Hemel Hempstead couple take pride in fostering

A couple share their experience of fostering ahead of LGBT+ Adoption and Fostering Week (2-8 March)

Members of the LGBT+ community are being asked to consider fostering or adopting a child in Hertfordshire.

Ray Shaughnessy and Pete Shuttleworth

Ray Shaughnessy and Pete Shuttleworth

Pete Shuttleworth and his partner Ray Shaughnessy, from Hemel Hempstead, have fostered children for about nine years, offering mainly respite care, and have not found any barriers to fostering as a gay couple.

Hertfordshire County Council is hoping to dispel the misconceptions that LGBT+ people cannot adopt or foster, the council will consider applications from anyone able to offer a child a loving and secure home.

Pete said: “Fostering is quite tough but it’s also rewarding. What amazes me is the children we looked after. All of them didn’t care at all that we were gay.

"They just wanted to know what room was theirs, what they were having for dinner or whether they could see a friend.

"We didn’t experience any barriers because of our sexuality in fact we found the approach of county and the children in our care very positive.

“Hertfordshire County Council has been great. The first time we walked into one of its events and showed an interest, we didn’t know what to expect but we were made to feel very welcome.”

There are approximately 950 children and young people in care in Hertfordshire and many of these children need the love and support of a foster family.

Similarly, there are a number of children who need permanent homes through adoption.

The couple said that fostering children has opened up a side of life they had not experienced.

Pete said: “It has given us a different perspective on life because neither of us had children.

"It also gives you an insight into what your colleagues and friends face every day, from taking the children to football training, to GP appointments and picking them up from detentions. We didn’t really appreciate it before.”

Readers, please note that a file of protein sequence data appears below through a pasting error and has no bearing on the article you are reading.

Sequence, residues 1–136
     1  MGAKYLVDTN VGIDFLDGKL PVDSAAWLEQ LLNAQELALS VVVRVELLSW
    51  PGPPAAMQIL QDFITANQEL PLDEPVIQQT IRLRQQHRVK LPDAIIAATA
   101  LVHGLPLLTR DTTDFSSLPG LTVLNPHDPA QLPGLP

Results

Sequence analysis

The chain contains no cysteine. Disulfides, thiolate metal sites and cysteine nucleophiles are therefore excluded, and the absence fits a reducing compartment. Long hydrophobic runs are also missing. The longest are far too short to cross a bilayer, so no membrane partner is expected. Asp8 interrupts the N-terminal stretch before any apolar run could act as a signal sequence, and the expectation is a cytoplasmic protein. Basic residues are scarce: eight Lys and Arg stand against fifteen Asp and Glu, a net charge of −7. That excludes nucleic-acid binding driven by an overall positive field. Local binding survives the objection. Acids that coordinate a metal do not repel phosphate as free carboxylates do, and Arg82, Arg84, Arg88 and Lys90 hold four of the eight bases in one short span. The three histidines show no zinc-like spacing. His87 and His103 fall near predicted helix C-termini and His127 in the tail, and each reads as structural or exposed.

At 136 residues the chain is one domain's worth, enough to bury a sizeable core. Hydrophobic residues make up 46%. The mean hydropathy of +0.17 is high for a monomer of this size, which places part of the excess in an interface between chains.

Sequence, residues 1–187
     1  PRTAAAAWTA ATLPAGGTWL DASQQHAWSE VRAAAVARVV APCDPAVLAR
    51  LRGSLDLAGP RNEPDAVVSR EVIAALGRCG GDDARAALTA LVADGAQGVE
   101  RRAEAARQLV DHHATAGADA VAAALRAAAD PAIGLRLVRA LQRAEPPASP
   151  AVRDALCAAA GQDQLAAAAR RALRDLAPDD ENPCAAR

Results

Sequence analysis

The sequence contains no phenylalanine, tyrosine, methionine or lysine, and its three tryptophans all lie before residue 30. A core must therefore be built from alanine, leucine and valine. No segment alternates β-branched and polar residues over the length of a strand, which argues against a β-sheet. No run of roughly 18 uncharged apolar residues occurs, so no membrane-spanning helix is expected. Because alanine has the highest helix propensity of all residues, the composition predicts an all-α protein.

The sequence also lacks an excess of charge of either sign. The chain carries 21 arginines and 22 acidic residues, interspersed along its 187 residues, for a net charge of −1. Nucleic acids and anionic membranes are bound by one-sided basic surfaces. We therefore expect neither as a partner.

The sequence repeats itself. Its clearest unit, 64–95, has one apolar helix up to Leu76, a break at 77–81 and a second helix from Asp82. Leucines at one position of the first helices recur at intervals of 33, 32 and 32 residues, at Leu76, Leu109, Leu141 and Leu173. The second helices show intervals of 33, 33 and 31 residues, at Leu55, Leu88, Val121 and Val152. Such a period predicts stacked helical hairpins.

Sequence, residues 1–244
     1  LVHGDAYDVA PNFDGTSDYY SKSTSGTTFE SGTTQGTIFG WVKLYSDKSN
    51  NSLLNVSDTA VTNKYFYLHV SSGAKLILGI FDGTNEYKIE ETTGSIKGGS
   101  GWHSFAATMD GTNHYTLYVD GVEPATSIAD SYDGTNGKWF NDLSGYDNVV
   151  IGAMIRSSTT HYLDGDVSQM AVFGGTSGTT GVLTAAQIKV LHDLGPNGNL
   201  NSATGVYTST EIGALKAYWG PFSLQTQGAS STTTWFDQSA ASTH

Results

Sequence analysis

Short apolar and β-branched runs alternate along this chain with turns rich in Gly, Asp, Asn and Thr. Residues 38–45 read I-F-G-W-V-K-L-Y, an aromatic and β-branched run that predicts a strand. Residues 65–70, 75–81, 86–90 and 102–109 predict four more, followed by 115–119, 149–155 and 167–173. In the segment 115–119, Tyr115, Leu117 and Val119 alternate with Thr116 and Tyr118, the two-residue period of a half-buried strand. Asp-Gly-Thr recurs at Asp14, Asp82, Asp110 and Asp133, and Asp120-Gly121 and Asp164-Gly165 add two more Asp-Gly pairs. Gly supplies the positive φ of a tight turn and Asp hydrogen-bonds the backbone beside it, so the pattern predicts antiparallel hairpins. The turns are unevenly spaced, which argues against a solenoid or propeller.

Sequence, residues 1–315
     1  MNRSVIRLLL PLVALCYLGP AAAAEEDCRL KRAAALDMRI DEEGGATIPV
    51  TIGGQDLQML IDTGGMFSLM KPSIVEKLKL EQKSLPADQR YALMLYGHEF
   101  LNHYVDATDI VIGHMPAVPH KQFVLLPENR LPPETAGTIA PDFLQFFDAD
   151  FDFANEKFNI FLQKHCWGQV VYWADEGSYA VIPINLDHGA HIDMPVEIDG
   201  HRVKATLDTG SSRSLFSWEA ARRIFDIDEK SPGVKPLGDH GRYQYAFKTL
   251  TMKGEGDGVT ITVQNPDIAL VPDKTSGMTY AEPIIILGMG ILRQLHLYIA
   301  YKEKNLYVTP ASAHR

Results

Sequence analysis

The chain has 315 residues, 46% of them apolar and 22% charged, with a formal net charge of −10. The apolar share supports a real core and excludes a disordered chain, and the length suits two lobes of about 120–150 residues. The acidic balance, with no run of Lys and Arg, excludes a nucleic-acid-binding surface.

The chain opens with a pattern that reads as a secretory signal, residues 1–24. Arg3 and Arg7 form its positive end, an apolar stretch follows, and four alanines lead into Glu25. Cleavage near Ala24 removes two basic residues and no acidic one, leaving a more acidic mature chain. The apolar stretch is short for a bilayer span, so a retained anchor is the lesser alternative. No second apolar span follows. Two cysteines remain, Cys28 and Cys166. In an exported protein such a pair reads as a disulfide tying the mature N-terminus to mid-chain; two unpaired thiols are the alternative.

To become a foster carer in Hertfordshire, you have to be over 21 years old, and have at least one spare room in your home.

There are many different types of fostering and foster carers can choose what is right for them and their family.

Pete believes that while there are challenges to fostering, the rewards are great.

He said: “One of the boys we fostered is now 21 and we still have a relationship with him. That is quite something. Apart from his auntie, he said we are the most important people to him in his life.

“At the time you hope that what you are doing is the right thing but it’s only afterwards that you really know. After the event, we know that we did good.”

LGBT+ Adoption and Fostering Week, which is focused this year on the theme Why Not You?, is organised by New Family Social, a charity that supports LGBT+ adopters and foster carers across the UK.

Councillor Teresa Heritage, deputy leader of Hertfordshire County Council and Cabinet Member for Children, Young People and Families, said: “We welcome applications from anyone who can provide a loving, nurturing and secure environment for children to grow and thrive.

“As a local authority, we encourage people from all backgrounds and communities to foster or adopt with us and we are inviting our local LGBT+ community to come and speak to us about the options available.”

For more information visit: www.hertfordshire.gov.uk/adoption.